I think we live in a society in which a rapid and accelerating change in social life and the economy and the kind of work that people do is transforming the need for knowledge... knowledge in the 21st century is going to be very different... a very substantial proportion of people are engaged in work, in jobs that did not exist when they were born and that number is increasing. So the model that says learn while you’re at school, while you’re young, the skills that you will apply during your lifetime is no longer tenable. The skills that you can learn when you’re at school will not be applicable. They will be obsolete by the time you get into the workplace and need them, except for one skill. The one really competitive skill is the skill of being able to learn. — Seymour Papert, MITCJ taught himself to read, the same way he learned to eat solid food, walk, speak, and use the toilet. Notice a pattern? I suspect that, with proper guidance, encouragement, and resources, he can probably teach himself just about anything. What's the alternative?
Many children struggle in schools... because the way they are being taught is the way is incompatible with the way they learn. — Peter Senge, MITOne friend told me her son's teacher forbade students from using the Internet to research a topic, so they'd be forced to look it up in the library. Now, I have nothing against books (we have hundreds of them), but what's wrong with Wikipedia as a starting point? Why are schools trying to assert control over people who've discovered tools that empower them to direct their own learning? This strikes me as silly, wrongheaded, and counterproductive. It's like forcing someone to dig a hole with kitchen utensils when a shovel would be more efficient.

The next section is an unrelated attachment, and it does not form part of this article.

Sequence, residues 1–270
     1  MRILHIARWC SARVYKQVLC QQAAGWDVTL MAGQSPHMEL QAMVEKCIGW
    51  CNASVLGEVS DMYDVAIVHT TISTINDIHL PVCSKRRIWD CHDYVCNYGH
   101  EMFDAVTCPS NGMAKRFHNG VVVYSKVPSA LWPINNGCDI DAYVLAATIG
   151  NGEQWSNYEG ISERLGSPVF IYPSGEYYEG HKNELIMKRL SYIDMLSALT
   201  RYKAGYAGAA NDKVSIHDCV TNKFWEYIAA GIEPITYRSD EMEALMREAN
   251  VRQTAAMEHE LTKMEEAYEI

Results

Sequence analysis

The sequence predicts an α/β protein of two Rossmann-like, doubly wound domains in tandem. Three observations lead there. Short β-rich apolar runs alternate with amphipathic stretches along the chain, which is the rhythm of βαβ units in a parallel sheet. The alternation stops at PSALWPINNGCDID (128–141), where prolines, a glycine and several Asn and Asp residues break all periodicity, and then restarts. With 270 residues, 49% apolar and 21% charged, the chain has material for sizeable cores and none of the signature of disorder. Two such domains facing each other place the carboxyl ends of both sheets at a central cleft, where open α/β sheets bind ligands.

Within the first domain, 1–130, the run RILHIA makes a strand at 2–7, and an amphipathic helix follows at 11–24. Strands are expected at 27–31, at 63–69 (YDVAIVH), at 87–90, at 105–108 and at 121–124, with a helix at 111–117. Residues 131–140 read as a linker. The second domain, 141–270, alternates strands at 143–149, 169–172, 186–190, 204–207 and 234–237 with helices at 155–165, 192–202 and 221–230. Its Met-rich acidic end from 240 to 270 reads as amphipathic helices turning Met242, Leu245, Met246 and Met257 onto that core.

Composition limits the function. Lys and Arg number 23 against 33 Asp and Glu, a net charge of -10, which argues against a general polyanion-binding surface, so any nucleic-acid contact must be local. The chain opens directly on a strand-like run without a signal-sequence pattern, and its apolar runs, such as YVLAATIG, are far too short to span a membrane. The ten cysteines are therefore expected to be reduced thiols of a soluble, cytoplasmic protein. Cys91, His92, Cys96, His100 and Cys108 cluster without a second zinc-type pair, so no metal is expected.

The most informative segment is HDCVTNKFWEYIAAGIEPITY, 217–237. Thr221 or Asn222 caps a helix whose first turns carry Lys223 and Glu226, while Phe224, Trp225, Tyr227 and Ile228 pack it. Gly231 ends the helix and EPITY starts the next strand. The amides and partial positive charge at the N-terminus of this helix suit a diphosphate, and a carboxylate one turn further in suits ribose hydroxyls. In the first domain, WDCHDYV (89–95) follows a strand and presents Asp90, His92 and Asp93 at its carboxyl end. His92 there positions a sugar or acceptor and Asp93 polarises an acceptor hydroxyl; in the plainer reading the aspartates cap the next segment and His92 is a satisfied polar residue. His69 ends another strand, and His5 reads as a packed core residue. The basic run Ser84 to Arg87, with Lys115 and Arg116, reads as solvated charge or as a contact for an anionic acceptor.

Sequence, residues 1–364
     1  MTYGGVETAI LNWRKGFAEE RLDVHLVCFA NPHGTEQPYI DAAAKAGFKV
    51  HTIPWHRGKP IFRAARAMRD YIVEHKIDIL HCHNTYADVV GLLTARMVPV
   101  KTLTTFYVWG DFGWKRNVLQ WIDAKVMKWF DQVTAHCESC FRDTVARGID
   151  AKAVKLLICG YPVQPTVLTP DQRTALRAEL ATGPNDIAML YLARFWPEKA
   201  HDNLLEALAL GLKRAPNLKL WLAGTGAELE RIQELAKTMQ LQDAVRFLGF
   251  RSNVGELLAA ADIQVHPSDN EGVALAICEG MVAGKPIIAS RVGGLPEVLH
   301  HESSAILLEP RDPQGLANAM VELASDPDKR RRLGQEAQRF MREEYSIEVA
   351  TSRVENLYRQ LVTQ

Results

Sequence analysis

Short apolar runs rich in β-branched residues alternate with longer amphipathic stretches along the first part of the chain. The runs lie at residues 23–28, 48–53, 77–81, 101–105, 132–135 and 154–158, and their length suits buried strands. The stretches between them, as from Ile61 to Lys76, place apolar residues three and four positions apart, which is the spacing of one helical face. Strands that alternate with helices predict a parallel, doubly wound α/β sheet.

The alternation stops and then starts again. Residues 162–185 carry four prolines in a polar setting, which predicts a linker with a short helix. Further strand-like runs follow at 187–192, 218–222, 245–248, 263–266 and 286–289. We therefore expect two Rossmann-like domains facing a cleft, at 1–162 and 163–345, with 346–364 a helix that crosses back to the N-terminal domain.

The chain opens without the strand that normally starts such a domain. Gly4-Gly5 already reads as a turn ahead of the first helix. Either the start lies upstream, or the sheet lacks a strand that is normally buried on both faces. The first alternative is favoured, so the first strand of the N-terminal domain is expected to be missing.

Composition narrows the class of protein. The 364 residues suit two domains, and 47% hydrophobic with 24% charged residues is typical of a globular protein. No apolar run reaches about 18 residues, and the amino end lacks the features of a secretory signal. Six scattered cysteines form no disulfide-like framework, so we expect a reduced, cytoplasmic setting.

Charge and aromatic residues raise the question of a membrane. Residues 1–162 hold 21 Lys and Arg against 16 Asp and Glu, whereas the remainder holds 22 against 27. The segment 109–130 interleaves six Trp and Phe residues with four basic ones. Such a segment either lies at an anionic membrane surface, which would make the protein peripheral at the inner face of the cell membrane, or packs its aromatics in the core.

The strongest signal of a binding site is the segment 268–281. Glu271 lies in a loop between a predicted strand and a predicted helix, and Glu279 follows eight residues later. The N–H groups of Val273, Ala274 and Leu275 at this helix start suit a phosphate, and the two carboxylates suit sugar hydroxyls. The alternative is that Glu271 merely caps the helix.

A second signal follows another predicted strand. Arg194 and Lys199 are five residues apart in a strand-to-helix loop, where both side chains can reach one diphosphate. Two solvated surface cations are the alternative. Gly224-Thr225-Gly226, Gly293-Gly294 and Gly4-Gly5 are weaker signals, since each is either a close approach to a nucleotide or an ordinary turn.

We don't have to make human beings smart. They are born smart. All we have to do is stop doing things that make them stupid. — John HoltGoogle the combined terms "MIT learning children 21st century" and read the first five articles. If you can read only one, read this.
Now, given that picture of a rapid change of society, one would expect to see a rapid evolution of the institutions charged with preparing the young for it. We do not see this. We see a much slower rate of evolution of the school and that means we’re seeing a bigger and bigger gap between school and society. This gap is what I believe is responsible for the deterioration of performance in our schools and our educational systems. Because the children can see this; they can see that school is irrelevant. They feel that the pace of school and the mood of the school culture is out of sync with the society in which they live. And so it becomes harder and harder to get them to buy into the idea that school is satisfying their needs, that school is a bridge to the 21st century. — Seymour Papert, MITAnother friend – who taught in schools for over 30 years – pointedly told us not to put CJ into a regular school. Why? Because, according to her, he'd only be bored to tears. It seems a lot of schools turn children off to learning by having them do pointless busywork. No child should have to endure such nonsense.